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THEN THE EAGLE SWOOPED
Tex Maule
December 05, 1960
Philadelphia, responding to a wave of good fortune, is closing in on its first championship in 11 years. For the story of how the breaks were made
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December 05, 1960

Then The Eagle Swooped

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Twice it accounted for Philadelphia touchdowns. A third was scored on a similar play, with Van Brocklin throwing to Halfback Billy Barnes. The fourth, actually, pointed up the difference in these two teams. It was scored after a Barnes fumble on the Giant three, the ball popping crazily out of his arms when he was hit hard by Huff, then bouncing oddly in the end zone with three Giants and one Eagle in pursuit. The Eagle was J. D Smith, a large, somewhat ungainly tackle who overcame his few shortcomings and recovered the ball for the score.

It may be that this unlikely touchdown typifies this Eagle team, which, if it can win one more ball game, will play for the professional championship. It is not as sound a team as most of the other champions of the past. It reflects very strongly the personality of Van Brocklin—stubborn, ingenious, opportunistic, unruffled. The team does not have a truly strong running attack, and it is a tribute to Van Brocklin's audacity that his minuscule running threat suffices for the fakes which set up the passing game.

The passing is superb. McDonald and Pete Retzlaff and Walston are accomplished, determined and talented receivers, and Van Brocklin gets excellent protection for his throwing from the Eagle offensive line. This same line, however, does not distinguish itself blocking for the runners. The defense, flawed here and there by rookies, acquits itself nobly when it remembers the words of wisdom proffered by Jerry Williams, a very good defensive coach. That is most of the time, but it can fail grievously now and then. All in all, the Eagles are an exciting team, stabilized by Van Brocklin on offense and by old, bold and cold Chuck Bednarik on defense.

A titillating sidelight to this game was the possibility that Bednarik, the Eagle linebacker and offensive center, might be left for dead by one or another of the Giant team in revenge for Bednarik's chilling tackle of Frank Gifford two weeks ago. Bednarik, hitting Gifford with a blind side tackle late in the game, left the Giant halfback cold as snow. The Philadelphian danced a happy, heathen victory jig after Gifford's fumble had been recovered by the Eagles, thus insuring their victory. His histrionics were misconstrued in some quarters as unseemly joy over the mayhem he had committed on the prostrate Gifford.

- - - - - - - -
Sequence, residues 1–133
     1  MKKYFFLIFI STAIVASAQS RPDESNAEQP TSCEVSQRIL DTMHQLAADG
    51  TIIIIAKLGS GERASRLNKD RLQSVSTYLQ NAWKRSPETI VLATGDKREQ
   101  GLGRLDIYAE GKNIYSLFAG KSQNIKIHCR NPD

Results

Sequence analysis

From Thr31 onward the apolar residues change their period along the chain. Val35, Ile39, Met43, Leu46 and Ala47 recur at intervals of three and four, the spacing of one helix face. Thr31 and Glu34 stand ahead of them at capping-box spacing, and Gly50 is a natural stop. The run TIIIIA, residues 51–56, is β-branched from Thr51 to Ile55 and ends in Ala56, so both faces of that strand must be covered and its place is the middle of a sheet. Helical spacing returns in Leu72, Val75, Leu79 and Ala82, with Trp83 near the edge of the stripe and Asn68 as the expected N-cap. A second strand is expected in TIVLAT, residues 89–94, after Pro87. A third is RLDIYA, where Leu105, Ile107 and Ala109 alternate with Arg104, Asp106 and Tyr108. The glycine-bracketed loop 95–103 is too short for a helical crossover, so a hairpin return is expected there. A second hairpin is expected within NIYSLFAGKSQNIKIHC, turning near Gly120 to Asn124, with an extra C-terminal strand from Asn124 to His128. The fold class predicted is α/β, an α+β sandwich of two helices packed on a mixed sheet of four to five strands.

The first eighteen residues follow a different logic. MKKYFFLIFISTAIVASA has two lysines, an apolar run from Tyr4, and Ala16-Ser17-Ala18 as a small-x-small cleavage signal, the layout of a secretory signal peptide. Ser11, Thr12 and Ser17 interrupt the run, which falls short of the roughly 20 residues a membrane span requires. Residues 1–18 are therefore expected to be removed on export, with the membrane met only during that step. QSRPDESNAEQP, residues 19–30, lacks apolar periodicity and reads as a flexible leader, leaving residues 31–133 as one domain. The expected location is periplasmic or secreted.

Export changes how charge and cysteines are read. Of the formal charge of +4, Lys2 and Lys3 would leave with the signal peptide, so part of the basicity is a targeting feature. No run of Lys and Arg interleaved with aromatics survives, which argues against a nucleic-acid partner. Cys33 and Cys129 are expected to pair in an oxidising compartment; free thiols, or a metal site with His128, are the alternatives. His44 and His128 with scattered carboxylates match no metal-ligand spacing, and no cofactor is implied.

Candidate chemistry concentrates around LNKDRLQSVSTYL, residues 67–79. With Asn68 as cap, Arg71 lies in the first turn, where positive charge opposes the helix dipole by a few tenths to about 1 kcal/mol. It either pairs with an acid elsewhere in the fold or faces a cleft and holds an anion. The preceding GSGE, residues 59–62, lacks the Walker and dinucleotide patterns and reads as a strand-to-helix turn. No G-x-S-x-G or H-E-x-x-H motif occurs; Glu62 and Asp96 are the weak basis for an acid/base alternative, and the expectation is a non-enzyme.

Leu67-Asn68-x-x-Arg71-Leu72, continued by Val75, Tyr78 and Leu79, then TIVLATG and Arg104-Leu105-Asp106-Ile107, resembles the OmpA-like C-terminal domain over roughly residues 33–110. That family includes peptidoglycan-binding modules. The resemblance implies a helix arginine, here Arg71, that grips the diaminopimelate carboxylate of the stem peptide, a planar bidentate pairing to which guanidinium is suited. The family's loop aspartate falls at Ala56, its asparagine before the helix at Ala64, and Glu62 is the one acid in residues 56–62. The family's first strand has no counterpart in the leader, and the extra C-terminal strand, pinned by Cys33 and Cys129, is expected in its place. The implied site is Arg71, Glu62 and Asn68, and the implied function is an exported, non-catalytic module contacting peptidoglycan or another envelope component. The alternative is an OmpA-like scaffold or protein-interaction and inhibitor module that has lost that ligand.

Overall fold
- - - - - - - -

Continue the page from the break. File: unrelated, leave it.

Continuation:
"I got lots of letters," Bednarik said before last Sunday's game. "All good except for one from a lady in Texas. Then I got lots of telephone calls including one at 2:30 in the morning from some woman hollering at me. I disconnected the phone. I sent Gifford some fruit in the hospital, and I wrote him a three-page letter. It was a good tackle."

No revenge

The Giants did not try to avenge their fallen teammate. "They were rough and mean," Bednarik said after the game. "Like always. But not dirty." Once, on a punt, Sam Huff unjointed Bednarik with a whistling blind side block.

"It musta hurt," Huff said. "But he didn't holler. He got up and said, 'Careful, Sam. You keep blocking me like that, and they'll think you're picking on me.' "

Bednarik is a very youthful 35-year-old who is to the Eagle defense what Van Brocklin is to the offense. He has a nose which strays haphazardly over a face handsome in spite of that, and he is the very model of a modern major general when defending. In this game, as in the previous one, he played on offense as well as defense—an almost impossible task even for a young man—and thus pointed up the thin resources of the Eagle team. He left the game at last in the fourth period, walking slowly and with fatigue showing in every line of his slumped, strong body. The big, noisy crowd gave him its noisiest accolade of the day.

The Eagles can, very likely, beat any one of the teams in the West which still have a chance to win the Western Division title. First of these, of course, is Baltimore. The Colts found a double-wing offense installed for last week's occasion by the San Francisco 49ers a problem that could not be solved readily. The double wing stationed John Brodie, the San Francisco quarterback, in a tailback spot where he took a direct snap from center, thus gaining 1) some two or three seconds' additional time against the fearsome charge of the Colt line and 2) reasonable peace of mind in which to pass.

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